All states, other than Virginia, require resident drivers to have a minimum amount of vehicle insurance coverage (known as compulsory insurance). In Virginia, if residents choose not to carry insurance, they must pay the state a $500 annual fee per vehicle. These specific requirements vary state by state. For specifics regarding your state insurance requirements, use the map located on the navigation bar to select your state of residence.
Some States also have no-fault insurance laws, which mean that each driver’s insurance company is responsible for damage sustained by that policyholder in the event of an accident, regardless of who is found to be legally at-fault.
It is important to note that state insurance requirements are not intended to be recommendations of insurance coverage. If you’ve ever paid an auto-body repair bill, you have a good idea at how expensive repairing a vehicle’s body can be. Imagine being involved in a severe accident involving total vehicle damage as well as personal injury. It’s easy to understand how quickly the costs could add up and how inadequate many state’s minimum requirements would be.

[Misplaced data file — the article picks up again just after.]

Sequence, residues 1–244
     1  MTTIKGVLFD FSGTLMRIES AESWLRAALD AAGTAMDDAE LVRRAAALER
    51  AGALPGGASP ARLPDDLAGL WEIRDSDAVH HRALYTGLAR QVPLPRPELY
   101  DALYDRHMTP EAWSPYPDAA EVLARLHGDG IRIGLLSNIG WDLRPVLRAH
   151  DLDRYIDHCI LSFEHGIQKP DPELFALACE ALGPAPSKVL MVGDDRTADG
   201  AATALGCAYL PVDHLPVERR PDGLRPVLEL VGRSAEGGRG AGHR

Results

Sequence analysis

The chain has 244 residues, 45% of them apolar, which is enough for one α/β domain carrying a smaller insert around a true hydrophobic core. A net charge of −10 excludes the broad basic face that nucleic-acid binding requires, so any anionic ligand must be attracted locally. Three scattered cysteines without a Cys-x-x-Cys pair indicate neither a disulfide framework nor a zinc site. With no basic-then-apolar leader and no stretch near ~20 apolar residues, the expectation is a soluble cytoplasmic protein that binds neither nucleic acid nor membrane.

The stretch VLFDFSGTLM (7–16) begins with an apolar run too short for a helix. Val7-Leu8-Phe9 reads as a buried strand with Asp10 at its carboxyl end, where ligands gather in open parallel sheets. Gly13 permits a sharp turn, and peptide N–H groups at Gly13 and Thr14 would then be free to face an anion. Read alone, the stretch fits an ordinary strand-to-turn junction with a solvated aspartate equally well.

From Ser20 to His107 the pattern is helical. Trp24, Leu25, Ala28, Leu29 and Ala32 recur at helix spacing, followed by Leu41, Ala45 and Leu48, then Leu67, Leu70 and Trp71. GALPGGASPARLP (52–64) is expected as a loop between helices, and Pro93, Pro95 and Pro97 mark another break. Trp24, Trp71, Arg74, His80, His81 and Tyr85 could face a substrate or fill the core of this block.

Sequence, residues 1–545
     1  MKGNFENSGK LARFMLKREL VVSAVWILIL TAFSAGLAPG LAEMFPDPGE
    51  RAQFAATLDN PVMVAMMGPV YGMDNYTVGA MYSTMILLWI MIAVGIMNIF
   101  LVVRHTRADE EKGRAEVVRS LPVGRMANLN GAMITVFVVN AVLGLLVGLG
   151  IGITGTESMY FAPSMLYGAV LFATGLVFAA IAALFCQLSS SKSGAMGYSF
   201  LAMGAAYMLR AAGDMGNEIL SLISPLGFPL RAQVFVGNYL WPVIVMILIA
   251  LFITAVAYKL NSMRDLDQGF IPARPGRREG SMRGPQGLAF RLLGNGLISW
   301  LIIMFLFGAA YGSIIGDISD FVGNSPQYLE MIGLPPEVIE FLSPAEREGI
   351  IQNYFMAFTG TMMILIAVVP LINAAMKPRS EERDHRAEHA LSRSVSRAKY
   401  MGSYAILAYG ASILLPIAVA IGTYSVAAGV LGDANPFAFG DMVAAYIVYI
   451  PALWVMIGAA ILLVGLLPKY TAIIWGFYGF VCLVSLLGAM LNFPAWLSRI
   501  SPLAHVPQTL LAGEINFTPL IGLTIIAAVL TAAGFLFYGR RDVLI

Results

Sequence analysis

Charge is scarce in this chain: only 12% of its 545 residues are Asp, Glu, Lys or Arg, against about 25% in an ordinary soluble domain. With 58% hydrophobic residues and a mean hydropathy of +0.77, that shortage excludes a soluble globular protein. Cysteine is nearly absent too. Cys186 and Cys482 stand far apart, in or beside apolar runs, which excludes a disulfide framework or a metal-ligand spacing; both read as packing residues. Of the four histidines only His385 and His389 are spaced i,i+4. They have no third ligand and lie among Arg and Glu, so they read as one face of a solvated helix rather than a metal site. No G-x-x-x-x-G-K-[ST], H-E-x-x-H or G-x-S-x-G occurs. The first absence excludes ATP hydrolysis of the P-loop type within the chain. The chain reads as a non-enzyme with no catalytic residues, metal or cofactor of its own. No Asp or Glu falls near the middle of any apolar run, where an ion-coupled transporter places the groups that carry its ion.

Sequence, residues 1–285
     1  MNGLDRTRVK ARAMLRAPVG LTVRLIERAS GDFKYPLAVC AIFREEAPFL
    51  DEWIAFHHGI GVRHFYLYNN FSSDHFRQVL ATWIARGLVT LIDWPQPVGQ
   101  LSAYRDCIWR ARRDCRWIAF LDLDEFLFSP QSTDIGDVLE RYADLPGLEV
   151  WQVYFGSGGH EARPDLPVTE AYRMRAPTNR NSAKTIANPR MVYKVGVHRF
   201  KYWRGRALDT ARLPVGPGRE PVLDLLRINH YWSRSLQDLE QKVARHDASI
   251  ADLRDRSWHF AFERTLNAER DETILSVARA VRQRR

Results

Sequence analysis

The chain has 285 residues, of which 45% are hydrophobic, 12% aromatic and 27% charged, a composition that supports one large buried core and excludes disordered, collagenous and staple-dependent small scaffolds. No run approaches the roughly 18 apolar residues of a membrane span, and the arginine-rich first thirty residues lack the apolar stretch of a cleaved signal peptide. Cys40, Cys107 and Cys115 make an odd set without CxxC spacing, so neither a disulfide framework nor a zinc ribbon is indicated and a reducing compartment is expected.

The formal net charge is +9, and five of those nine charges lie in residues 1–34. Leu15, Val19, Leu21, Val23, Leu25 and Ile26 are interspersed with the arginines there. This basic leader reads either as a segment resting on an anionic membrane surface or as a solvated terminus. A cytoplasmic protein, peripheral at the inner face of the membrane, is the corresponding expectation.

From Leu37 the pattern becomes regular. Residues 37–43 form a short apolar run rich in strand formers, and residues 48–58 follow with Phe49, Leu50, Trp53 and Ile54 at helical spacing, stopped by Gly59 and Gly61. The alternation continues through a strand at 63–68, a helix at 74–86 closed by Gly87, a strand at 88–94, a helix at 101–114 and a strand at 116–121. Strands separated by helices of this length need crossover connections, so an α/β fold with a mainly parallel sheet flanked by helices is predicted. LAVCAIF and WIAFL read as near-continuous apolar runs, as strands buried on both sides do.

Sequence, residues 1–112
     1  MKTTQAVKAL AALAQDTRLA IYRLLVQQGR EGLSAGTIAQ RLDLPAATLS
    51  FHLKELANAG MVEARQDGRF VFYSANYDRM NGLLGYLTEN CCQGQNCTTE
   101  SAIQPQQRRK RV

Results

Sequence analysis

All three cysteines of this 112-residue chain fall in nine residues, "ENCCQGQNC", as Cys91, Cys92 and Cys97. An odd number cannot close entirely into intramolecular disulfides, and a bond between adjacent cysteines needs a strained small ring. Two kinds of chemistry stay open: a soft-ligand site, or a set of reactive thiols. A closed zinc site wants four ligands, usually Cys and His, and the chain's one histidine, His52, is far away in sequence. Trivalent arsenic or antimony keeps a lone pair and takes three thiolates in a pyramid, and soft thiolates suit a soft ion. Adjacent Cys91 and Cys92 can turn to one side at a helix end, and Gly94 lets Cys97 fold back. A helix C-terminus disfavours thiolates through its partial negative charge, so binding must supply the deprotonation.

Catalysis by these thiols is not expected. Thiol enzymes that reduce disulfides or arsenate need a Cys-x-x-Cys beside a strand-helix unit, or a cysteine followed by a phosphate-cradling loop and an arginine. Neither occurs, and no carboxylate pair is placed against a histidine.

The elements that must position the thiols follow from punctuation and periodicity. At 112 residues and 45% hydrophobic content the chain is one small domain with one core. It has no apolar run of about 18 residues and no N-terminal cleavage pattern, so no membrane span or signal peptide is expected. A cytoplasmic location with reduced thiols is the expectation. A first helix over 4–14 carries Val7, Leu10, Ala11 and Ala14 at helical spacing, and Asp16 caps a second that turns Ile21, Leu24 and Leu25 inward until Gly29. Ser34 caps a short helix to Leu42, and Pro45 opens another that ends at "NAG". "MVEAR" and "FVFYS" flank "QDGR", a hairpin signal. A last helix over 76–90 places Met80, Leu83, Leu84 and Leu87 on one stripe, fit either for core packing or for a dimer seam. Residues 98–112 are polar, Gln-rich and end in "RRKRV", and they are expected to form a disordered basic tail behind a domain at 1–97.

So why are state auto insurance requirements so low? In many instances, it is due to the legislative process. The process to enact a law can take many years and in some instances, by the time the law is in force, the rates mandated in the law are already outdated. Many laws were not executed with an inflation clause that would increase the minimum requirements. As costs rise over time, the minimum requirements remain the same, resulting in under-insured motorists (even though the driver has met the minimum requirement). Legislators also needed to factor in that many of lowest income constituents cannot pay for a full-feature policy and so rather than enacting legislature that would be out-of-reach for many (and therefore likely not complied with), they enacted laws that their citizens could comply with.
Only you can decide what the right level of coverage is, whether it is the state minimum or something more comprehensive. Use the state minimum as a starting point and add coverage from there. The right policy is usually a balance between maximum coverage at a price that you can afford. If after deciding on a policy, you find yourself worrying about being under-insured or upset about paying for features you don’t ever think you’ll use, then you can always alter your policy. Be sure to check with the insurance company about their change policies before you enter into a contract.
Visit our state pages for more information on your specific state.